I met Gary in the town square of Murfreesboro, Tenn. He was sitting in a high gloss orange 1933 Chevy Business Coupe that he restored himself. He worked on cars before he was thrown from a pickup in a collision that left him paralyzed. He was 33. He’s 60 now. Church just let out and he was on his way to Captain D’s, a nearby seafood place. But he seemed happy to talk with a stranger for a few minutes about his daughter, who is a teacher in the D.C. area. “I’m so proud of her,” Gary said.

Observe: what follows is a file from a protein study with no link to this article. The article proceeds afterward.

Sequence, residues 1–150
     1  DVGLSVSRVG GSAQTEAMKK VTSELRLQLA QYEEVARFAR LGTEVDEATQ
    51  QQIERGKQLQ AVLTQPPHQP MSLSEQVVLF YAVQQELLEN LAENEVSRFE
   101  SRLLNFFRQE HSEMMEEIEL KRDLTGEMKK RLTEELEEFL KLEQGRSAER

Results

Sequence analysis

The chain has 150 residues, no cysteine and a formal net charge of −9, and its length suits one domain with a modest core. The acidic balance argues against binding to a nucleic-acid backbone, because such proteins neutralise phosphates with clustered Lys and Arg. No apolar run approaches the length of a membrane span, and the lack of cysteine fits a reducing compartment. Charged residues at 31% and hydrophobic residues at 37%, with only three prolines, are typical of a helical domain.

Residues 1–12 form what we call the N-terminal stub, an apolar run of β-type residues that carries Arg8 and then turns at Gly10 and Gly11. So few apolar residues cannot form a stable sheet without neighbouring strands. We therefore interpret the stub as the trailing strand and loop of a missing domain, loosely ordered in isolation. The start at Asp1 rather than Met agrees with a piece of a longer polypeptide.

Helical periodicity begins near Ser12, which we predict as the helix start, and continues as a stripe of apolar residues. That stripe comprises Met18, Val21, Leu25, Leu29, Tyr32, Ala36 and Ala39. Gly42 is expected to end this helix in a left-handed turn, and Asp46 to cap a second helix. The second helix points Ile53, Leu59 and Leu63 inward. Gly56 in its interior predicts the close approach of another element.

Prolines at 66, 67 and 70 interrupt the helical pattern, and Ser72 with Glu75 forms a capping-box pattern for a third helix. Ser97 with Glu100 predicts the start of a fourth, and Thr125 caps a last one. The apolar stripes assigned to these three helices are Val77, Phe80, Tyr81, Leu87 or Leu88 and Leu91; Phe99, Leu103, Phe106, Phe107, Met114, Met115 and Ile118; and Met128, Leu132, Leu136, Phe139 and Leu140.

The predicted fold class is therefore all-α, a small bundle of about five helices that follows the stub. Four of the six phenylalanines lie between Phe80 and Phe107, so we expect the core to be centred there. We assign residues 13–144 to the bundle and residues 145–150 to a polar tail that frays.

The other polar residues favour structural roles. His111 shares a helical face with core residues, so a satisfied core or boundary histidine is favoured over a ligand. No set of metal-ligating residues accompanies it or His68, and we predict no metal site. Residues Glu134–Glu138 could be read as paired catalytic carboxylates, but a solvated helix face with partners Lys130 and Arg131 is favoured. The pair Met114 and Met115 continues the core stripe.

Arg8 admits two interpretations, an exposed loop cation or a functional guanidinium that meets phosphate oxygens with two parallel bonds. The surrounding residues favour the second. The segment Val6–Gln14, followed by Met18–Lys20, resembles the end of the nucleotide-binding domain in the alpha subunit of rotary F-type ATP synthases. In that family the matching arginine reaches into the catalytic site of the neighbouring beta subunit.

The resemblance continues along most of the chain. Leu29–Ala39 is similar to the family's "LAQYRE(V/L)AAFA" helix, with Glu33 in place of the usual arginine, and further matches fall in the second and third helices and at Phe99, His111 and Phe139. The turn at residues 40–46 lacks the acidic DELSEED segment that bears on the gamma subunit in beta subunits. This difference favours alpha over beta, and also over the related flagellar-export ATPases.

He asked me if i was married. I told him two years in October, child on the way. “Twenty six years,” he said. They lasted together eight years after the accident. He didn’t blame her or himself for the split. It was a fact. His face gave no hint of regret. The sun was getting hot now, a little after 1pm and I didn’t want to keep him from lunch. “I hope to see you again,” he said. “Yes, maybe in Alexandria,” I replied. (His daughter lives there.) Then he surprised me. Gary said that he believes when we die and go to heaven we meet up with everyone who we’ve met on earth . I’m not sure why he told me this. For his sake or mine. But his certainty was reassuring. “Yes, that would be nice.”